Junior School PE teacher, Vivian Rodrigues, explains the role game design plays in developing student agency and the connection between physical experiences and self-esteem.
Setting the Stage: Early stumbling blocks to life-long participation
When we play games, very often the game player is not a part of the invention or the construction of the game. Players remain passive and are asked to perform at a certain level or expectation. Rarely they are involved in the developing of ideas or strategies, which is commonly the role of the teacher or coach. The players are simply taught the rules, described roles, and shown areas of responsibility. They are often not allowed an individualised approach in lessons. This one-size-fits-all approach is applied at many levels of sport, and unfortunately within the physical education classroom.
Research suggests that the greatest impact and learning benefit of games is felt when the player is involved in its design and construction. Therein lies the very definition of student agency. It also suggests that it’s a concrete way to motivate a life-long participation in sports and games thereafter.
Games are considered a major learning tool, not just in physical education. There is evidence of their benefits horizontally through various subjects and age groups, and also vertically in lesson planning (Rovengo & Bandhauer, 1994). Most results suggest that games bring a renewed interest in a subject and enhanced participation in lessons.
Games, especially in physical education, encourage active engagement as time and space is given to students to explore the components of game play, skills, and strategy at their own pace with a personalised starting point. In supportive environments such as these most, if not all, students start to find multiple opportunities to learn cooperatively and to proactively solve problems in groups and social situations. When given the opportunity to think critically from their own experiences of playing games and sports, students start to reflect and construct deeper meanings as to their own failures or successes. What it means if they do indeed fail. What it takes to succeed and further improve.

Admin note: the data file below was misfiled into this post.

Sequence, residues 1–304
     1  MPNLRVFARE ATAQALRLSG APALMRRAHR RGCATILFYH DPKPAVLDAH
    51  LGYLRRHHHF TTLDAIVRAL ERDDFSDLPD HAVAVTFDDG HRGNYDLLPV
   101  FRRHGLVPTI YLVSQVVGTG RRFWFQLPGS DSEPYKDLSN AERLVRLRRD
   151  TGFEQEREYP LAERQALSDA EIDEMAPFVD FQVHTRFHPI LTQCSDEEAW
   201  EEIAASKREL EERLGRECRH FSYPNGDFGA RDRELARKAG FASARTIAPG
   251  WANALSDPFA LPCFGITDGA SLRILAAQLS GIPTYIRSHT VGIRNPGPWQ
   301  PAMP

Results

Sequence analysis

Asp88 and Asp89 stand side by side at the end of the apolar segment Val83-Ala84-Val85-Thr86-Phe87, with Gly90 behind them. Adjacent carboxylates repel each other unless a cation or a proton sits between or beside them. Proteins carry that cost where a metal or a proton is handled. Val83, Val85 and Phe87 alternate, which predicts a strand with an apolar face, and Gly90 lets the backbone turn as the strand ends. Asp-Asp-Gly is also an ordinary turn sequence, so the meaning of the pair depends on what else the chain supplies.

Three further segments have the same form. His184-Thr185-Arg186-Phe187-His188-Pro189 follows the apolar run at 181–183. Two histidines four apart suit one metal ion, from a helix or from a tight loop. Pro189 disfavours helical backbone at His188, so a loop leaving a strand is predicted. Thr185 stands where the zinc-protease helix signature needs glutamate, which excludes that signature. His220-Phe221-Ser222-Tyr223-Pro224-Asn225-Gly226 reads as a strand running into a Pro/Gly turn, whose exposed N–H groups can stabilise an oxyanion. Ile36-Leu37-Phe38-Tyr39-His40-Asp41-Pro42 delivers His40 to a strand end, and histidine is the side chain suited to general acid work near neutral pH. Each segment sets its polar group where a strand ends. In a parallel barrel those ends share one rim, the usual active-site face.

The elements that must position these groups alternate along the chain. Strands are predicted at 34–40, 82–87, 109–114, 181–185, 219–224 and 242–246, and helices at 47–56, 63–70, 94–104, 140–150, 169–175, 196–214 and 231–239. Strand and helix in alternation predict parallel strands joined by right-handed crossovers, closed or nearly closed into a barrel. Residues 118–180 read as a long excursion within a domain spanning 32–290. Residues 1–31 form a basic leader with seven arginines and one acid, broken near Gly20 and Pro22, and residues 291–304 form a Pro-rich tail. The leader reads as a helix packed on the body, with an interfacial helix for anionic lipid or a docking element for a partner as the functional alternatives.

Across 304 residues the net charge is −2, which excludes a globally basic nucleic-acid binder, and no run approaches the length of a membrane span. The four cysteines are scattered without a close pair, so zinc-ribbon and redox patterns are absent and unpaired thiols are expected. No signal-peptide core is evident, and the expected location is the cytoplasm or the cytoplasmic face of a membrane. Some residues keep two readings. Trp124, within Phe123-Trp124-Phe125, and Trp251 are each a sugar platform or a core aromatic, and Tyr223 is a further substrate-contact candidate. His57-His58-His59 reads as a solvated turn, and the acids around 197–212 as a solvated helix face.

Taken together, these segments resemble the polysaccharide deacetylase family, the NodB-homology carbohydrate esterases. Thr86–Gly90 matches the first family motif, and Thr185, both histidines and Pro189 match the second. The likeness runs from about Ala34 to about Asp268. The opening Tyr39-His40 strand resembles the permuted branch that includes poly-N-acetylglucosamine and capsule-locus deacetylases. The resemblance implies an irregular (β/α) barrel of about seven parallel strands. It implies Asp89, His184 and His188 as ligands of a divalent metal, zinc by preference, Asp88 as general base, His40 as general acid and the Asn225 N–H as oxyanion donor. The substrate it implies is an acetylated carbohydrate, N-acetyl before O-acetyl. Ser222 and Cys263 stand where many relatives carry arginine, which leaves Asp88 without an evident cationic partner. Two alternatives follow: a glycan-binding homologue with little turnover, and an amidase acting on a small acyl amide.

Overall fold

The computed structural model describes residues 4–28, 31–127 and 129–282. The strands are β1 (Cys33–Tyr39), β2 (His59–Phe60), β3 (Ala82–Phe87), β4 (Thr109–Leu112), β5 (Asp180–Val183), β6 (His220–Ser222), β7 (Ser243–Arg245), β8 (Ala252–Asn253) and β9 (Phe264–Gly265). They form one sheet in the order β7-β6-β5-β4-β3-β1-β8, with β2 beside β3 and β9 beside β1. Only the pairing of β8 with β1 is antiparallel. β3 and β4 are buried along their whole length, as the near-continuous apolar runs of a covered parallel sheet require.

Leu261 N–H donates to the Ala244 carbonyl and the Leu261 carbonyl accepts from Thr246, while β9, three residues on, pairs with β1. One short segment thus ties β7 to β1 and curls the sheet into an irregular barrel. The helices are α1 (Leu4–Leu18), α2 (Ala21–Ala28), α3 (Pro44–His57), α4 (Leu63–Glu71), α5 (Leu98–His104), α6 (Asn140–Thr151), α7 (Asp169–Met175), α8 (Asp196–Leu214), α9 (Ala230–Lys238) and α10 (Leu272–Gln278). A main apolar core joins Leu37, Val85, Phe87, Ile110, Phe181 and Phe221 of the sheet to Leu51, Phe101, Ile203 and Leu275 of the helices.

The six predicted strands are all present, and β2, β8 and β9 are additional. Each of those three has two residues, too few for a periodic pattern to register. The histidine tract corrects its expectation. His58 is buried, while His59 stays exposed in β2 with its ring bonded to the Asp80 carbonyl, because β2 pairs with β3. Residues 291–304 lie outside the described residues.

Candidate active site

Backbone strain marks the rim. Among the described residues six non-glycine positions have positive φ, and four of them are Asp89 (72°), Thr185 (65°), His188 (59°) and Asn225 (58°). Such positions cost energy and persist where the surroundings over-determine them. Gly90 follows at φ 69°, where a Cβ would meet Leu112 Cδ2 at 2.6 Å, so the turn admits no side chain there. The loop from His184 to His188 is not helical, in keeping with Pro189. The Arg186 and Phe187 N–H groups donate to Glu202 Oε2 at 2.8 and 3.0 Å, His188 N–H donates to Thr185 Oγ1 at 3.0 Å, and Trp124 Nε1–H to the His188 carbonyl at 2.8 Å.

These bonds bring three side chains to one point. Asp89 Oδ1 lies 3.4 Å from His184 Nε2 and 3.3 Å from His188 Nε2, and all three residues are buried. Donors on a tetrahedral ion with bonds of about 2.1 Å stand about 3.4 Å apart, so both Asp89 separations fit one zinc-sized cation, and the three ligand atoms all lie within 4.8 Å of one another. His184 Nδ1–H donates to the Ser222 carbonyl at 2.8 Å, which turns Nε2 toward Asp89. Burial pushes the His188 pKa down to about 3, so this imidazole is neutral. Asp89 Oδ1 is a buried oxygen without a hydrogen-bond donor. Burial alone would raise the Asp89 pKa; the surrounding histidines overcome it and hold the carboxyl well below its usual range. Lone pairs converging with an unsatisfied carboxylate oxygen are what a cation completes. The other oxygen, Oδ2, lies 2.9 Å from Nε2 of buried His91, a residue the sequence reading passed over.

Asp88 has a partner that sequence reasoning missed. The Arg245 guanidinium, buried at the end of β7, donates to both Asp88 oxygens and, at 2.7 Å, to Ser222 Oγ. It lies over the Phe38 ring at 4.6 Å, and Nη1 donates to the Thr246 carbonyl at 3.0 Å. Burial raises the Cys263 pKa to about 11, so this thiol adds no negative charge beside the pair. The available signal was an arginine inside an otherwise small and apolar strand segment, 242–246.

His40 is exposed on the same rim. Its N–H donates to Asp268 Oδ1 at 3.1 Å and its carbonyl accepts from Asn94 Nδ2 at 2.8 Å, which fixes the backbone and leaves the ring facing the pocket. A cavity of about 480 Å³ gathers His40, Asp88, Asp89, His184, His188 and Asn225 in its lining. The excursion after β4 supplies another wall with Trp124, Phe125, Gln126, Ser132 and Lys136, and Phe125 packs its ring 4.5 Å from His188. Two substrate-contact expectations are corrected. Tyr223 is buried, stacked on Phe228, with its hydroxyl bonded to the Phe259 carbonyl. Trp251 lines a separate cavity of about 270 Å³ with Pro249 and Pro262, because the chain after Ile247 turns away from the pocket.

The key to all this, of course, is the game design lesson/s where students would follow a sequence of scaffolding events; 1) the crafting stage, 2) the testing stage, and 3) the refining stage. When the game has gone through the sequence (sometimes having to go back a stage or two for reconsideration and review), it will be presented, explained and demonstrated before being played and then evaluated by others.
The Crafting Stage
In the crafting stage students begin to develop their game in an autonomous environment. To start the design process, shareable artifacts or objects are presented to the students to jump start invention and reflection. Objects such as a ball, rubber spot or a disc marker are examples of the pieces of equipment that students may use to construct connections between an old game and a new game, a new approach to an old game, or revise between old and new knowledge (Papert, 1993). Together with the teacher as a facilitator, students will then use past experiences to create and build a game and its associative parameters in order to move a game into trial stage. A large inventory of equipment helps inspire ingenuity and originality, but a more limited one develops creativeness, inventiveness and resourcefulness. The provision of these ‘objects-to-think-with’ will therefore depend on the main lesson objective and the sportsmanship and sports for life characteristics the teacher is planning to develop and enhance.
The Testing Stage
In the following stage, students will start to work in groups to springboard off these objects to conceptualise, invent and test a game. They will present their ideas, trial the games and gain feedback from their peers as to what makes a game interesting or challenging. There should be a balance between the intensity of the task and the active engagement during the game. Should either of these lean to one side, one of two things may happen: 1) Students involved in game design will realise that the more athletic will feel disenchanted quickly if there is no avenue to showcase their talents and improve on their ability to perform. Or, 2) on the other end of the spectrum, students who are challenged at classroom level to physically perform will find themselves further disinterested in participation as it is no different from previous physical education classes. Inventiveness, thoughtfulness and forward planning skills become paramount. Such traits are beneficial in any learning environment but within sport- specific objectives, they give rise to thinking out of the box, achieving sports goals and self-satisfaction. Students will start associating those feelings of achievement with being physically active.
The Refining Stage
In the final stage, students learn to ascertain levels of engagement, levels of entry, and the emotional quality and intensity of their peers’ active involvement in the activity, which is paramount to a successful design (Kendrick, 1997). Students trialling games will eventually start to understand how to pitch a game and consciously design parameters that include broad challenges whilst considering qualitatively different contests, as well as an affirmative emergent structure possibly providing more concrete feedback and a clearer performance criterion.